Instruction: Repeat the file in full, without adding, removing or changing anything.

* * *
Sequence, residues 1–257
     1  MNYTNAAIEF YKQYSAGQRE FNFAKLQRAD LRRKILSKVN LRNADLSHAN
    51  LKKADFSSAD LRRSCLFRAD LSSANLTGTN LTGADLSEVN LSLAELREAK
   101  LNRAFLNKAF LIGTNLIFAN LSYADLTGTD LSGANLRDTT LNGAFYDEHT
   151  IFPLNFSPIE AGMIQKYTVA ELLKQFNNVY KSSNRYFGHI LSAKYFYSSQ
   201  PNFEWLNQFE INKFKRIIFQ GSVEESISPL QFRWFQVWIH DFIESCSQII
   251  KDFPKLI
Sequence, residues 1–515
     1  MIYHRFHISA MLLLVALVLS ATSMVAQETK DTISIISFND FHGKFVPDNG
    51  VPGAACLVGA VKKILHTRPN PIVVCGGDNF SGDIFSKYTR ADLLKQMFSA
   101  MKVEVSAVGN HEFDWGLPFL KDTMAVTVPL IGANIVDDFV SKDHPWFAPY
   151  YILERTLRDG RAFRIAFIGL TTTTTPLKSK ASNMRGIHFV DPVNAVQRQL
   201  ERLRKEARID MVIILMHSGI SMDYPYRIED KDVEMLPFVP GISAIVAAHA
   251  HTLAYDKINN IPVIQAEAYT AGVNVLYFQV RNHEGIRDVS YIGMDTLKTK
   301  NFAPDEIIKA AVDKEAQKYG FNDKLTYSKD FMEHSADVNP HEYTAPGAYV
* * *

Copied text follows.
Sequence, residues 1–257
     1  MNYTNAAIEF YKQYSAGQRE FNFAKLQRAD LRRKILSKVN LRNADLSHAN
    51  LKKADFSSAD LRRSCLFRAD LSSANLTGTN LTGADLSEVN LSLAELREAK
   101  LNRAFLNKAF LIGTNLIFAN LSYADLTGTD LSGANLRDTT LNGAFYDEHT
   151  IFPLNFSPIE AGMIQKYTVA ELLKQFNNVY KSSNRYFGHI LSAKYFYSSQ
   201  PNFEWLNQFE INKFKRIIFQ GSVEESISPL QFRWFQVWIH DFIESCSQII
   251  KDFPKLI
Sequence, residues 1–515
     1  MIYHRFHISA MLLLVALVLS ATSMVAQETK DTISIISFND FHGKFVPDNG
    51  VPGAACLVGA VKKILHTRPN PIVVCGGDNF SGDIFSKYTR ADLLKQMFSA
   101  MKVEVSAVGN HEFDWGLPFL KDTMAVTVPL IGANIVDDFV SKDHPWFAPY
   151  YILERTLRDG RAFRIAFIGL TTTTTPLKSK ASNMRGIHFV DPVNAVQRQL
   201  ERLRKEARID MVIILMHSGI SMDYPYRIED KDVEMLPFVP GISAIVAAHA
   251  HTLAYDKINN IPVIQAEAYT AGVNVLYFQV RNHEGIRDVS YIGMDTLKTK
   301  NFAPDEIIKA AVDKEAQKYG FNDKLTYSKD FMEHSADVNP HEYTAPGAYV